As I mentioned elsewhere, I got married a few weeks ago. It’s my first marriage, so I’m not entirely sure about everything I need to or should do to inform various people/companies/agencies about my changed status.
We have scheduled an appointment with a lawyer/accountant to advise us about wills, insurance, etc., so he’ll cover a lot of the important things. But what about the rest? Obviously, I’ll be letting everyone know about my change of address when I move, but who else needs to know that I’m married?
What other advice do you have about the daily practicalities of being married? Combined or separate bank accounts? Filing tax returns jointly or separately (I own a business, and she’s a private school teacher)?
(And no, I don’t need any advice on sex, thank you very much.)
I knew a couple who did their bank account this way:
They had a joint account.
Each put in 75% of their pay in the joint account. That was for all their expenses. House, car, food, etc.
The 25% they used for their personal things. This way they did not have that fight about “why did you spend 100 dollars on a XXXXX?” The XXXX came out of the 25% and was not anyone else’s business.
I always thought it was a good system.
Of course, they are now divorced, so maybe not so much…
Every couple is going to have to make a decision about how to share money. My wife and I have basically put all our incomes into joint accounts, and we’ve been married 34 years. But others may need their own separate money.
Come back after this practice marriage is over, and then we can all give you real advice for your second marriage.
Seriously, WRT to taxes, you should file for tax years going forward that will provide you the lowest tax bill. Most likely that will be “married filing jointly”. But each situation is unique, so you may need to look at both ways, or consult your tax advisor.
Since your wife is a teacher, does her employer provide health insurance benefits? You should see which is the better deal, having her add you to her coverage, or vice-versa, you adding her to your policy, or both going separate.
And lastly, keep having regularly scheduled date nights, where you two go out. Married couples can get into a lull where they quit going out as a couple.
Yeah, you do. But you’ll be back to ask about that later.
For the other, unimportant stuff, it all depends on what the two of you decide. I know there was a long thread about joint vs separate bank accounts a couple of months ago. If you are young you may want to combine everything. Older folks are probably more set in their ways and may want to keep things separate.
If I were just married I would have a long sit down talk about money: What debt does each person have? What income does each have? What long and short term goals do we have together (buy a house, have kids, travel?) Set out at least a basic budget and divide some responsibilities, both bills and chores, so you don’t both assume the other is covering things.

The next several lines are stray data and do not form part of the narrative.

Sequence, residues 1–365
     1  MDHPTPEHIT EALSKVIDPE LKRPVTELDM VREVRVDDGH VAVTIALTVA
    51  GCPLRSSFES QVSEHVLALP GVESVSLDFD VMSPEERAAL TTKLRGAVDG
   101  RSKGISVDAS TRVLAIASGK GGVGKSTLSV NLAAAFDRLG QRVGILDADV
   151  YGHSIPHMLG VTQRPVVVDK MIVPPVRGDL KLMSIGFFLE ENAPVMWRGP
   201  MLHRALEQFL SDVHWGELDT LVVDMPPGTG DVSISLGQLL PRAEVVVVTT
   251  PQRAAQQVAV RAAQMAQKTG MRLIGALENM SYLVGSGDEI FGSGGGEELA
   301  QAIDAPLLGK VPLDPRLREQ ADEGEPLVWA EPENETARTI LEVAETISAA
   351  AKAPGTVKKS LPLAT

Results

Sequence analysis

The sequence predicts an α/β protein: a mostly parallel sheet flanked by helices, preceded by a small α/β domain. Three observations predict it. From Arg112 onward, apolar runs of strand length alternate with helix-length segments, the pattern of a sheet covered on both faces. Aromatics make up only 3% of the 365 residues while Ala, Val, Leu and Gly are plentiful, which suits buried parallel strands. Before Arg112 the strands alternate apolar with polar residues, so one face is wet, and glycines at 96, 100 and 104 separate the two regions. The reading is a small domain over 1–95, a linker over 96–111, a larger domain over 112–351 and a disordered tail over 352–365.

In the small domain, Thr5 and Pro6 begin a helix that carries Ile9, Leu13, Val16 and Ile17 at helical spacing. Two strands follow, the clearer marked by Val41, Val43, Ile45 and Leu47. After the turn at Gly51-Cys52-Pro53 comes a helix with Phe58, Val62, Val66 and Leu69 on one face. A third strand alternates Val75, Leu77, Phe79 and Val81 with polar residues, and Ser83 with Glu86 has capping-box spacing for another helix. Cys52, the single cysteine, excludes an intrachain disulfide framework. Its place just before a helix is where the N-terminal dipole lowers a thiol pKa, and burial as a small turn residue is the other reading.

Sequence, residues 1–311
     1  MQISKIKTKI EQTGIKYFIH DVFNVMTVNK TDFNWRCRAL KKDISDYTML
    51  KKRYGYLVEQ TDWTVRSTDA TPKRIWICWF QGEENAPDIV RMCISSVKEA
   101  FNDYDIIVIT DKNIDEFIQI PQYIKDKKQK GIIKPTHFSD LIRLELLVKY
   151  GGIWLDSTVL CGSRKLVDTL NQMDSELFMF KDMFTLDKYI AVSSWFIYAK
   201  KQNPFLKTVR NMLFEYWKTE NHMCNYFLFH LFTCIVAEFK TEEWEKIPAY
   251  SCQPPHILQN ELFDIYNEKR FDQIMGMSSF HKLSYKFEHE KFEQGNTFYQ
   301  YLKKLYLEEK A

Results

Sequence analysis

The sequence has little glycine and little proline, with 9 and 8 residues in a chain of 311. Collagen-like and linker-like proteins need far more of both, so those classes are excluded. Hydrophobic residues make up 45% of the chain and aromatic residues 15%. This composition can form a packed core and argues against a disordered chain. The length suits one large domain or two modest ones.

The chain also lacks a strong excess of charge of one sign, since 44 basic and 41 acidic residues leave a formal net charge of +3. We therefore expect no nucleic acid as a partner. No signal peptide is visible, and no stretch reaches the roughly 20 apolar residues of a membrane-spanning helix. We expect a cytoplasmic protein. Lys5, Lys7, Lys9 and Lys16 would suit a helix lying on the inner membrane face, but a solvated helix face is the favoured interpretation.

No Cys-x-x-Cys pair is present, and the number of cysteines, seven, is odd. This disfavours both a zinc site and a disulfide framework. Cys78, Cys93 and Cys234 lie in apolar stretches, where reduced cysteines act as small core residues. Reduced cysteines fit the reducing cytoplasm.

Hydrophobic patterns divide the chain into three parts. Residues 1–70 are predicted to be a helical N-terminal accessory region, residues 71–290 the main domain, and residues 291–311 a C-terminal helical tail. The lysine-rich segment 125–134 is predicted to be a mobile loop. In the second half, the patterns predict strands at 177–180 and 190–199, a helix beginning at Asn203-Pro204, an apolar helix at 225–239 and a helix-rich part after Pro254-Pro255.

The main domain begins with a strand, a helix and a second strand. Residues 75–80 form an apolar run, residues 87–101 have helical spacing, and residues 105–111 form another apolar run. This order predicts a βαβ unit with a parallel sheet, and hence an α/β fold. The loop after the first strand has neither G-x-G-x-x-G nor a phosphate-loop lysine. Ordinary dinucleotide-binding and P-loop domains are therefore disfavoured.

Taxes you should run the numbers both ways and see what gives you the best return. Check the tax laws in your jurisdiction however and find out if filing one way locks you in. Might be worth taking a small hit in the first year if it works out better for you the other way in the long run. That one is definitely worth speaking to a tax accountant about even if you normally do your own taxes. Your business accountant may not be the best person for this, ask for a referral to a personal tax accountant if you’re unsure.
Finances - that’s really up to you and your lovely wife, but my husband and I use a slightly edited version of what Khadaji’s friends do. We put all of our money into a joint account and twice a month I put our “allowance” into our individual accounts. The amount that is and what comes out of it require up front discussion but it solved a few financial issues for us and gave us the privacy to buy gifts for each other and keep them a surprise. Right now the amounts are the same, but since we decided that eating out at lunch was coming out of our individual accounts for the period that I was not working his was higher than mine to allow for that. It doesn’t really matter what system you use to handle your money as long as you talk about it and you both agree it’s the right decision.
Yeah, I got married last fall, and when Mr. Horseshoe crunched the numbers both ways, the difference was astonishing. As in, pay a low-three-digit number or receive a high-three-digit number. :eek: That’s largely because of a pay disparity - my (limited) understanding is that if both salaries are roughly equal it doesn’t matter as much.
You may need to re-do some paperwork with your HR: payroll deductions, etc.